Seminar for European Works Councils and SE Works Councils
(Level 1 and level 2)
2 - 5 April 2024, Montabaur Castle
Since 2009, we have held our basic seminar once a year: the EWC introductory days for beginners and the consultation seminar for advanced learners. Some of the participants still have the idea of setting up a European Works Council, others want to know about the design of transnational consultation procedures. One seminar module deals with workplace representation and collective bargaining in the most important EU countries.
The practical work of an EWC
European works councils have existed for many years. However, unlike the legislation on national works councils, the EWC Directive does not contain many mandatory requirements on the com-position and functioning of the body. The company´s social part-ners enjoy a considerable amount of freedom in regulating all the details, which must be defined and documented in a pan-European company agreement (EWC agreement).
- Introduction: the current EWC landscape
- The legal basis (EU Directive and national transposition laws)
- How do European Works Councils organise their work?
- How can local works councils in individual countries be involved?
- Opportunities for EWC action during restructuring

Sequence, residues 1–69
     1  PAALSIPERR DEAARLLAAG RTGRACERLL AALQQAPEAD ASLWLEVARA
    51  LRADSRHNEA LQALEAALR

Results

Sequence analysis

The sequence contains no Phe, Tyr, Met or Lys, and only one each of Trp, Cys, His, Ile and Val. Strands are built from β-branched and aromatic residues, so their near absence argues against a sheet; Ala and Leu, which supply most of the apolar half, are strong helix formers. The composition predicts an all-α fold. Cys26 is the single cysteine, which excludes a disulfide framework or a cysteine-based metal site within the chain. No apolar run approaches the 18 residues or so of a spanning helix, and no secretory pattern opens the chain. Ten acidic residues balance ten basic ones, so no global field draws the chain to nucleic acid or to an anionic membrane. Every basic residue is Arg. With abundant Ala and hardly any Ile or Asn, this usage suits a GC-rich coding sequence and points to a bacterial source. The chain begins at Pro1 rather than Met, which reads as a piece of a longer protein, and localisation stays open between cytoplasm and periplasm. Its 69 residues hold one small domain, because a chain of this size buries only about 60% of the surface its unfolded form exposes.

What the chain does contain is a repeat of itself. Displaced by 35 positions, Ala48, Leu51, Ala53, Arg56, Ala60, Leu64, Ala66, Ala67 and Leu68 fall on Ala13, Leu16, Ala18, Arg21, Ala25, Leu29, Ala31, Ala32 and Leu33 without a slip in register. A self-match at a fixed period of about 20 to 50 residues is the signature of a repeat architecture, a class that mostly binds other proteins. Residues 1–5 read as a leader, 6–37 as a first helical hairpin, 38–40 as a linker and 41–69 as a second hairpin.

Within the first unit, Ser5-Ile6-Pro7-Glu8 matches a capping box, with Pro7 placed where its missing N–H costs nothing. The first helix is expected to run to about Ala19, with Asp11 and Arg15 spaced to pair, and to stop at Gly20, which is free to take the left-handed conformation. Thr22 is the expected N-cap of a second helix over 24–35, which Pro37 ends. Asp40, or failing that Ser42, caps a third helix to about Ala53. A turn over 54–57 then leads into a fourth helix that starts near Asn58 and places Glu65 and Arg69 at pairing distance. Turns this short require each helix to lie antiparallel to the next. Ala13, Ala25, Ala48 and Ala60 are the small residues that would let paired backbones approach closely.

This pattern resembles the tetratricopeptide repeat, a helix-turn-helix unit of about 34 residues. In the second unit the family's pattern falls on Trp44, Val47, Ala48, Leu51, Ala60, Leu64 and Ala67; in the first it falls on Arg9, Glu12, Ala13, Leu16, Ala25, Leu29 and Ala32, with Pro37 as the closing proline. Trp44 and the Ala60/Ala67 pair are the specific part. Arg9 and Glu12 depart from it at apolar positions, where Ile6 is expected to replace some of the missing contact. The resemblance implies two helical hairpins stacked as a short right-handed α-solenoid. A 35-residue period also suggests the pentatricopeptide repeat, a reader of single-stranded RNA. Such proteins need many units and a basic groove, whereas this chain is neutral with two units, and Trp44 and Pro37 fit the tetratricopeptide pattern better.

- To whom do the legal minimum standards apply and to whom do they not?
- What can be expected from judicial proceedings?
Industrial Relations in EU countries
Should a works council in an international company wish to work together with employee representatives in other countries, alongside the language barriers there will also be intercultural communication problems lying in wait. A basic knowledge of the respective labour law and participation cultures is therefore important. This seminar module deals with the different systems of workplace representation (focused on France and Great Britain).
- What are the tasks of workplace representatives in other countries?
- What models of workplace representation exist?
- How do works councils operate when they have no co-determination rights?
- How do employers relate to their works councils?
The core activity of the EWC: Information and Consultation
The blueprint for the EWC Directive is not based on German co-determination but on the French philosophy of information and consultation. French-style European Works Councils are consequently on familiar ground and make the most of their rights. They analyse all the company business figures with the support of consultants before rendering their opinion. What are non-French works councils able to learn from this?
- Definition and practicalities of information and consultation under the EU Directive
- The characteristics of an extensive consultation procedure "à la française"
- Working groups: Procedure for a restructuring based on a practical case study
- How can alternative scenarios be elaborated during consultation?
- Developing a reporting and warning system
Basics of German co-determination for non-German participants
(only on request)
Dr Werner Altmeyer
Managing Director of the EWC Academy
Former Chair of Hewlett-Packard's European Works Council
Consultant of the EWC Academy in reorganisation and restructuring issues